Defendant has filed a Motion to Vacate, Set Aside, or Correct his Sentence, pursuant to the provisions of 28 U.S.C. § 2255. The motion must be denied for the following three reasons.
First, the motion is untimely. Section 2255 provides that "[a] 1-year period of limitation shall apply to a motion under this section. The limitation period shall run from . . . the date on which the judgment of conviction becomes final." 28 U.S.C. § 2255(f)(1). When no appeal is taken from a judgment of conviction, it becomes final when the time for filing a notice of appeal expires. Sanchez-Castellano v. United States, 358 F.3d 424, 428 (6th Cir. 2004). Accordingly, because defendant did not directly appeal from his conviction or sentence, the judgment became final on May 31, 2010, fourteen days after entry of judgment. See Fed. R. App. P. 4(b)(1)(A) (providing that a defendant's appeal must be filed within fourteen days after entry of judgment). Because defendant did not file the present motion until fifteen months after judgment became final, and he does not allege any facts that would excuse such delay under the specifically articulated provisions of § 2255(f), his motion is untimely.
Second, defendant waived his right to collaterally attack his conviction or sentence. Under his plea agreement, defendant "specifically agree[d] not to file motion under 28 U.S.C. § 2255 . . . attacking any aspect of his . . . sentence." Dkt. No. 10, at (3:23-4:3). Such a waiver, if voluntary and taken in compliance with Rule 11, must be honored. United States v.Portillo-Cano, 192 F.3d 1246, 1250 (9th Cir. 1999). Here, the plea agreement explicitly provided that the defendant "agrees as part of his plea . . . to freely, knowingly, and voluntarily give up the right to appeal any aspect of his conviction or sentence" or "to file a motion under . . . § 2255." Dkt. No. 10, 3:23-4:3 (emphasis added). The transcript of the plea colloquy also confirms that it was taken in compliance with Rule 11. Id.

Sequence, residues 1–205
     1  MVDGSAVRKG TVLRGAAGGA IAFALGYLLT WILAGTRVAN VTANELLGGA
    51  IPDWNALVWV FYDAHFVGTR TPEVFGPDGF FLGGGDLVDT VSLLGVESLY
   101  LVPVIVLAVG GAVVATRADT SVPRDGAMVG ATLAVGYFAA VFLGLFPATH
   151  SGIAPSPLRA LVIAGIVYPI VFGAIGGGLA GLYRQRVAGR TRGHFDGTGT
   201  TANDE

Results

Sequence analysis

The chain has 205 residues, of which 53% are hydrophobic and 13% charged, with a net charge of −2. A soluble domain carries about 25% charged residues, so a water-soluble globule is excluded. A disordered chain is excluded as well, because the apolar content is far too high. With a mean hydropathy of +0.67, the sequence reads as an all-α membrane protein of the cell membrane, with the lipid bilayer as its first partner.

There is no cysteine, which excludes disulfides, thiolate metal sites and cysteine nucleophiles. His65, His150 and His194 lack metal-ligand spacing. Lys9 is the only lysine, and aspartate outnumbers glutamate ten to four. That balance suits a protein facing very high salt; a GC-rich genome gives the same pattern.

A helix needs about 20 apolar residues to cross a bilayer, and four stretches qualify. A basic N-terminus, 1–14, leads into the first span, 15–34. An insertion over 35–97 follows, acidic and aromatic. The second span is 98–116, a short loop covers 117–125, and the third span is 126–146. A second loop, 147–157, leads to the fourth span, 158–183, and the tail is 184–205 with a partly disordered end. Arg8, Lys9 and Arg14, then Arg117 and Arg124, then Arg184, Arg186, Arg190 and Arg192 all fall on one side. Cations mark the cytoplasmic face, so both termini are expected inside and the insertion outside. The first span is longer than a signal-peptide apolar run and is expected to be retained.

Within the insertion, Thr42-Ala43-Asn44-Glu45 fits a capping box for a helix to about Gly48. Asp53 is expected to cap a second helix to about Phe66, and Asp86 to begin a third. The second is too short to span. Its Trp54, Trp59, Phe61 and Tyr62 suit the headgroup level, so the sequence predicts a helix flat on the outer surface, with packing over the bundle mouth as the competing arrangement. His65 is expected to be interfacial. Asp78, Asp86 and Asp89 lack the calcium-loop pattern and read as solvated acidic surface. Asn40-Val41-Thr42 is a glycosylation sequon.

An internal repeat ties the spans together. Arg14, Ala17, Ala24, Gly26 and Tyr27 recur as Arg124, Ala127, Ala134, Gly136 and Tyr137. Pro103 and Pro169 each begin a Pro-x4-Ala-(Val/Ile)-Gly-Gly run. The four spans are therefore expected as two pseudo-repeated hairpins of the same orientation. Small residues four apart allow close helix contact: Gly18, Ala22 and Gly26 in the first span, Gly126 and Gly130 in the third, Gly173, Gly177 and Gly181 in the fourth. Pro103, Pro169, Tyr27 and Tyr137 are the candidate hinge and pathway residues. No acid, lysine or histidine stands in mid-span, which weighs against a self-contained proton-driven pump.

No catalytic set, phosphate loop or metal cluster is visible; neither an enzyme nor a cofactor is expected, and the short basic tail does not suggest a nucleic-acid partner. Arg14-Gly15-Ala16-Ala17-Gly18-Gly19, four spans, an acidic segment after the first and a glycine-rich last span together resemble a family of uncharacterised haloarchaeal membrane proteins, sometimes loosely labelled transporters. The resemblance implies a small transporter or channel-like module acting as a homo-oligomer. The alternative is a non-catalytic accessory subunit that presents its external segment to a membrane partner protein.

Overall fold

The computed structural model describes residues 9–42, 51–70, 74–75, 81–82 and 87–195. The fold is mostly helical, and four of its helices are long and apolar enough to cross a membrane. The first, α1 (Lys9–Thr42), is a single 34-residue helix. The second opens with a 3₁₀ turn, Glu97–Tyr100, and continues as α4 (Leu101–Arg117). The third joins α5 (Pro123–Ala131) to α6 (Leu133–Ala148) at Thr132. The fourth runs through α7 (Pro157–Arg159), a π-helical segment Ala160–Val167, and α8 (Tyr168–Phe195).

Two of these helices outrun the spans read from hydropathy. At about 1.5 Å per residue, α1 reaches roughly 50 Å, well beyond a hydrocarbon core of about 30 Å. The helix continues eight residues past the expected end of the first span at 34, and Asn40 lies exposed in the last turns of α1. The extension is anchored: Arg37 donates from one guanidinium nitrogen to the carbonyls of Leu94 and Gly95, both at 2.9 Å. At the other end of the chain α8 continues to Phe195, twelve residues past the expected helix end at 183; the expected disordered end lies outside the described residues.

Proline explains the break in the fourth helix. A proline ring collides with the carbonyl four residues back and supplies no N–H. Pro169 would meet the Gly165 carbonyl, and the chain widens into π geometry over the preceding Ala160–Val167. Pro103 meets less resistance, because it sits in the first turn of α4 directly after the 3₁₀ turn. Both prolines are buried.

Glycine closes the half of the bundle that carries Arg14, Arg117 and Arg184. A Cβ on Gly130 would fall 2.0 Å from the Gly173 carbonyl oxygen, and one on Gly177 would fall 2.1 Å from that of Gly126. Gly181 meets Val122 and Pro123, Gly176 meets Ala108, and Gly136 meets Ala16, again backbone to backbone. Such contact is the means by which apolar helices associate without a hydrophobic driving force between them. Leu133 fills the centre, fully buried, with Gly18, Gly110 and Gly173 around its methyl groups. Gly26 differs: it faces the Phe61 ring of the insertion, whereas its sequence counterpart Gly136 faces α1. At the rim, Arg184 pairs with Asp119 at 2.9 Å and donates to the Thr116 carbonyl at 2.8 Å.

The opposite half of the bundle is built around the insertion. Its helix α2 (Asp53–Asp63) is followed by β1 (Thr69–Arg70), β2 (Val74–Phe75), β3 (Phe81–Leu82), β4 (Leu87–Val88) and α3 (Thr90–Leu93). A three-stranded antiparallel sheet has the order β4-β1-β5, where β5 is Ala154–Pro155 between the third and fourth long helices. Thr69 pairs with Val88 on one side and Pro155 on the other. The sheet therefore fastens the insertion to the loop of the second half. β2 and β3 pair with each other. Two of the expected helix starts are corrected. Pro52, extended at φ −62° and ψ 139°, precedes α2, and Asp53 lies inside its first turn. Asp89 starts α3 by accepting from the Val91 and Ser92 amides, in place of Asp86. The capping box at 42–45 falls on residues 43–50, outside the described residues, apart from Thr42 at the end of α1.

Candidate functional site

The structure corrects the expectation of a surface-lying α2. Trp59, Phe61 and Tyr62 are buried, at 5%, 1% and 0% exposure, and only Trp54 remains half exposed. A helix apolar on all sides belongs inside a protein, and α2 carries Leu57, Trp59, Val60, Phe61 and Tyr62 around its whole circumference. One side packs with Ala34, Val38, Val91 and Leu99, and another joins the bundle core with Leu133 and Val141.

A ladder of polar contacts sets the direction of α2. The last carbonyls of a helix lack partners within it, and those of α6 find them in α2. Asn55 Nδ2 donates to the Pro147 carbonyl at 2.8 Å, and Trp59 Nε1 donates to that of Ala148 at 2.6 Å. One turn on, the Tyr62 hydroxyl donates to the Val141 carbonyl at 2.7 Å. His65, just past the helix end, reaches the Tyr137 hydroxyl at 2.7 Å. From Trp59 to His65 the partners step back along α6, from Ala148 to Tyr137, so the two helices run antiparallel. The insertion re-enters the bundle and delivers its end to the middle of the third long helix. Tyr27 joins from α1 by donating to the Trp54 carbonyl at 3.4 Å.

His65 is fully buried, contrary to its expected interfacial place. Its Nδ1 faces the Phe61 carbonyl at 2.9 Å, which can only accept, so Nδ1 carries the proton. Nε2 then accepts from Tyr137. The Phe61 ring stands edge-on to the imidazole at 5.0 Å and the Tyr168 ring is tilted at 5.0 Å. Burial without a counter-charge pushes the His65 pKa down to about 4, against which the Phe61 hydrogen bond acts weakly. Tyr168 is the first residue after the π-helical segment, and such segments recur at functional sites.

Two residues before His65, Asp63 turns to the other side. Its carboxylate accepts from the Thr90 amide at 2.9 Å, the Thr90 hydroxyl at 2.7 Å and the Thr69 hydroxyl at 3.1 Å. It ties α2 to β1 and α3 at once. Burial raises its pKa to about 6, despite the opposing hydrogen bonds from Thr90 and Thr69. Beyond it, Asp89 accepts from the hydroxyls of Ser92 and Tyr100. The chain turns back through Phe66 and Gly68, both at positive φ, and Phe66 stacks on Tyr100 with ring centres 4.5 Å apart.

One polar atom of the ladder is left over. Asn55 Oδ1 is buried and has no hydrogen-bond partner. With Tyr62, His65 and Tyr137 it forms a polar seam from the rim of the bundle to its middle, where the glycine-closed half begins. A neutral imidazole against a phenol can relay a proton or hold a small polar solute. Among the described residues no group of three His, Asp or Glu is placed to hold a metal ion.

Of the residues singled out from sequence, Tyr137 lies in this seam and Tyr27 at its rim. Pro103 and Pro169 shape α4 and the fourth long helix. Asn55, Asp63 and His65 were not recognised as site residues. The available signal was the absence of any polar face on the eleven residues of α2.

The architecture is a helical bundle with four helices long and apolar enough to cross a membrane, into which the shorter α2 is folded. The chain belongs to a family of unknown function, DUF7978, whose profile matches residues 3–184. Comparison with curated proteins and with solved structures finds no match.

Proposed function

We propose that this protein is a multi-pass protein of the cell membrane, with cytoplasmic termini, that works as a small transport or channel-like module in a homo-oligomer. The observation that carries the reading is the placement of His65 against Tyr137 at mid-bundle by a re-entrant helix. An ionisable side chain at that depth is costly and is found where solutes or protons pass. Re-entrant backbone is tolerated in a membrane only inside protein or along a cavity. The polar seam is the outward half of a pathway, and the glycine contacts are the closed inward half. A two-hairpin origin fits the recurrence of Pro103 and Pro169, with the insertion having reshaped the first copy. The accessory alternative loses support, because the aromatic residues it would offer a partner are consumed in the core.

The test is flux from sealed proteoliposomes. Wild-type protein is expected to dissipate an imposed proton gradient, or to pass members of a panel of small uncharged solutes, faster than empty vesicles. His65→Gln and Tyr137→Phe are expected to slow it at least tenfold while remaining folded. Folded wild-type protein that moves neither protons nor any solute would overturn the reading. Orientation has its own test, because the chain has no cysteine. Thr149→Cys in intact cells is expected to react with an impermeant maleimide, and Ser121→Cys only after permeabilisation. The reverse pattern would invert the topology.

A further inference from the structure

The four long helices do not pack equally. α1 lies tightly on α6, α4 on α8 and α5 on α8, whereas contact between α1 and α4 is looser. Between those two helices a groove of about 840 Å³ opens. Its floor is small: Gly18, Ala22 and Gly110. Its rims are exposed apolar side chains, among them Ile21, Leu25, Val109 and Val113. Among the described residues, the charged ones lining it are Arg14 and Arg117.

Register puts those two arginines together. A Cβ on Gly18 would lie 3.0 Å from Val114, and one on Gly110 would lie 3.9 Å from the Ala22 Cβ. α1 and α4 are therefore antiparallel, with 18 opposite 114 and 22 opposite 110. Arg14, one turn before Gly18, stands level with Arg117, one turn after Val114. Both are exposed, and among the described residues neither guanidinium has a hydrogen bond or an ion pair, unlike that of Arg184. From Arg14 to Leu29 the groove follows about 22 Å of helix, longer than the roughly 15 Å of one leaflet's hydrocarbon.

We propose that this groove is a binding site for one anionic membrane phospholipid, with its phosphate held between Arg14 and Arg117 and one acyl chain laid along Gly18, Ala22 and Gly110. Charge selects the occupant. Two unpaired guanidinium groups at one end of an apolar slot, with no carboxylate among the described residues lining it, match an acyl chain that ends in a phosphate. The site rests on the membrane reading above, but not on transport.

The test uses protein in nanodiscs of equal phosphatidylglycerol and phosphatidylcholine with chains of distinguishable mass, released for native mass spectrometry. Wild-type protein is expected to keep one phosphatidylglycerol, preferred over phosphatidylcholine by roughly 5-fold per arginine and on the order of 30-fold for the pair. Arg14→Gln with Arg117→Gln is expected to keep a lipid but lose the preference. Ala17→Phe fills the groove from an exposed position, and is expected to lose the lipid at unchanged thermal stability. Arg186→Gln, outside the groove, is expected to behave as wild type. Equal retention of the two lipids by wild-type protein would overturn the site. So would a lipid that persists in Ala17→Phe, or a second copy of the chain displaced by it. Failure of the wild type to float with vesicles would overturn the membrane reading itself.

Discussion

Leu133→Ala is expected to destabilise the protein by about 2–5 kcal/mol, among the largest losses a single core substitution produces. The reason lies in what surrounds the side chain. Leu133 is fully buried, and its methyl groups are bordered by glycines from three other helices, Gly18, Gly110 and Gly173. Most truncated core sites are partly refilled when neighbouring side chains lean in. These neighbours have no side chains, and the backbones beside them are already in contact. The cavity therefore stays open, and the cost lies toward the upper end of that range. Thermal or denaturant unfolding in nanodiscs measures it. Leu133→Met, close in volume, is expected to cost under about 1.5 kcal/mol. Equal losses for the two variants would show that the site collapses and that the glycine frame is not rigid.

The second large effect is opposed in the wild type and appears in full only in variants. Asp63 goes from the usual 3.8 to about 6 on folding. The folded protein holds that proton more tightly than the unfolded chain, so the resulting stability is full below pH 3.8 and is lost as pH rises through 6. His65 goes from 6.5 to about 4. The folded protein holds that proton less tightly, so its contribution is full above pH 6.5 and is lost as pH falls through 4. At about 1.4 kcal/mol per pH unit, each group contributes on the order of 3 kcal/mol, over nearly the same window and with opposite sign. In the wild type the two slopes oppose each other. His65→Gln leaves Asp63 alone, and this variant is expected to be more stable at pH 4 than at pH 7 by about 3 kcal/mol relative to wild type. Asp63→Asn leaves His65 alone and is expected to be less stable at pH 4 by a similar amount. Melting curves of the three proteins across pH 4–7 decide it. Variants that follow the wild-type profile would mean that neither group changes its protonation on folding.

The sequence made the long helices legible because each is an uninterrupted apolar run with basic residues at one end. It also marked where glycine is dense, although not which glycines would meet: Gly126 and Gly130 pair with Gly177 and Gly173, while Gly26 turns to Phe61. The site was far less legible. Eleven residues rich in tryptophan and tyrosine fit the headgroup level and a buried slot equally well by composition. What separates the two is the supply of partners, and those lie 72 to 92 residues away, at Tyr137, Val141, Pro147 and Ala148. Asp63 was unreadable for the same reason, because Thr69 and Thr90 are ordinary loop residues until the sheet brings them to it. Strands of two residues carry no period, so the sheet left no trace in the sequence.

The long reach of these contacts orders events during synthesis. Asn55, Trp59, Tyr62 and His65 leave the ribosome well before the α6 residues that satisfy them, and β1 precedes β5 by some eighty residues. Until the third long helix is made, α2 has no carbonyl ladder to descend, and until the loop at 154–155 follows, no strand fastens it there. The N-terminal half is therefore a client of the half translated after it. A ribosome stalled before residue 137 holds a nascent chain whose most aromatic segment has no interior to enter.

Third, the motion is without merit. Defendant's claim of ineffective assistance of counsel appears to be predicated upon his mistaken understanding that the 16 level sentencing enhancement under U.S.S.G. § 2L1.2(b)(1)(A) for a prior drug trafficking conviction was incorrectly assessed. As set forth in the plea agreement, defendant's prior conviction was not under California Health and Safety Code § 11352, which is not categorically a drug trafficking offense, but rather was for Possession of a Controlled Substance for Sale in violation of California Health and Safety Code Section 11378, which qualifies categorically as a "drug trafficking offense" within the meaning of § 2L1.2(b)(1)(A). See Taylor v. United States, 495 U.S. 575, 602 (1990) (employing the "categorical approach" to determine whether prior convictions under state or local statutes can be used for federal sentencing enhancements).
IT IS THEREFORE ORDERED that defendant's Motion to Vacate, Set Aside, or Correct his Sentence, pursuant to the provisions of 28 U.S.C. § 2255 be, and the same hereby is DENIED.
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